Location: Metro Pictures
Exihibiton: NYC June 22 to August 5, 2011

Prologue:  Charmaine Wheatley and I had a series of conversations about artist, B. Wurtz, because he was having a retrospective in Chelsea.  She said, "you told me about Wurtz like a year ago and I looked at his work online and was atypically into his "assemblage" sculpture so when I read in TimeOut he had a show up at Metro Pics I headed over. It was high on my list of priorities. Then I emailed you, "I went and loved it".  Then she wrote back to talk about it, but she started drawing the work she liked.  Ms.Wheatley rules in her own realm, deliberate cartooning with precise writing, attention to detail and subject that reminds me of monks quilling illustrated tomes.  She said maybe we should try to do something together about the Wurtz show. I saw the first drawings and thought, I'll try to use these black marks that come out of these buttons to keep Charmaine's pictures from touching, so people can see them better.  It's a work-in-progress and we will stick with Wurtz in the spirit of Wurtz; simply, working with material we bought at the wrong kind of store.  I can't work the layout code here worth a damn.  (Charmaine's images either shrink or explode)  Maybe some smart graphic artist will come in and fix it.  That was how it worked before, when I had a camera and it would drive people nuts, and someone took it out my hands.

Buttons, the kind we use for clothing, are one of Wurtz's earlier object elements. It's hard to avoid buttons, and for hundreds of years we've had them, and they're still here. He specializes in monuments to efficient, proven technology like tin cans, shoelaces, coat hangers. Common materials our society uses every day, every class, and taken for granted.

Wow, there is a lot of work in this show.  I thought Wurtz's work would be in one gallery room or two, but he's got the whole big box gallery. It's hot as hell in here too. I feel for the front desk people - giant walls of glass facing south, one could grow dope easy in here.  A-list galleries in Chelsea are sleek, white, gas guzzlers. Why not have ceiling fans?

Metro is a humongus fancy gallery, with a museum scale show by Feature Inc's very own B. Wurtz, International Artist of Mystery. Feature is a medium-sized gallery that has been a hothouse for talent. (talent often lured to greener pastures). Feature WAS in Chelsea but went back downtown, where vacant storefronts and mixed class neighborhoods still exist for about another 15 minutes.

B.Wurtz had an early rise along with Feature, and it's weird alien flavor, and was instantly recognized as an 'artist's' gallery.  Wurtz maintains his conceptual and material integrity to the humble degree that he's been professionally back-burnered in the fashion industry of art.  Word has it that some early work has been acquired by one of the major museums uptown.  Summer in Chelsea is not where the art market is, and rare, very good art like this, will go unseen and undersold.  We did wonder what was behind it, is he poised to become the veteran mine canary of our economic demise?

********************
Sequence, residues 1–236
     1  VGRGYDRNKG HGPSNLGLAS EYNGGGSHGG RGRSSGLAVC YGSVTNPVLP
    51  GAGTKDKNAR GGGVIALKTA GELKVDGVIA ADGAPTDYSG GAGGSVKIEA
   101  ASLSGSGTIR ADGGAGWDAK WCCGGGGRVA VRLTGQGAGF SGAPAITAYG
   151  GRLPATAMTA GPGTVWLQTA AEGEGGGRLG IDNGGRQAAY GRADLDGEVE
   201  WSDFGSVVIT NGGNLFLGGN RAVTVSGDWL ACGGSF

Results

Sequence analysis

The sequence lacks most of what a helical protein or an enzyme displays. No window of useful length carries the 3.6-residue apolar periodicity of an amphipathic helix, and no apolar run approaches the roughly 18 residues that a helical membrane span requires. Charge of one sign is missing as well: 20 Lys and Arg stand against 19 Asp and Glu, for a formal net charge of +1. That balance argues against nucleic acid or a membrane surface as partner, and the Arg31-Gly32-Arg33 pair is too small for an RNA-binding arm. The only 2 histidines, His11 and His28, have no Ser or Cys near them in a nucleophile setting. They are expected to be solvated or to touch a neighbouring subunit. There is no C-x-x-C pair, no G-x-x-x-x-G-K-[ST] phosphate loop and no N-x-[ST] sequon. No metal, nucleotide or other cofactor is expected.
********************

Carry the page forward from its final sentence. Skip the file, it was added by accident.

The work in the show dates back to 1970, so there is work few have seen, ever. It's also clear to me that Hudson, the owner of Feature, has been just as committed, unwavering in support of the wayfaring Wurtz, who for years labored far from sight at times, but right on course with a flotilla of handmade icons of the everyday. If there is the art issue of timing then it would be that life is computerized and complicated now, and that this work is not.

How easily the work floats like a stripped-down armada of vessels. Each work is unto itself, so thoughtfully constructed with a facile perfection of the foundation, a platform carrying bits of cargo or pulling a filmy net behind it, with a tiny flag on a wire stay or curved boom. Some of the wall pieces seemed pushy in the big room. Ms. Wheatley and I thought some of the wall work could have been thinned out.

There is a poetry here combined with humble wisdom. I think it's funny. It is monumental, but scaled precisely for a shoe string on wire, or plastic grocery bag baby smock. I can imagine people just being baffled - B. stands for Bill but he's been happy so people couldn't say if it was male or female work, it was The Work. It's somewhat odd, but I can't help but thinking that if one put it down on the grandiose pomposity of a Richard Serra beached tanker, the Wurtz crew sock pedestal still has more game, one we can keep playing. This is the art that actually fits our time on a macro level. Plain mementos of simple technology, economy, with an encoding of Orwell in our brightly lit facade of the future.

(The GBTV video interviews with Bill Wurtz add a layer or two, but I think it's straight up.)

Drawings by Charmaine Wheatley 2011 with text by Paul Hasegawa-Overacker

A graphic knowledgeable artist, Sono Osato, did indeed come in to fix my mangling of CW's images. Thank you!

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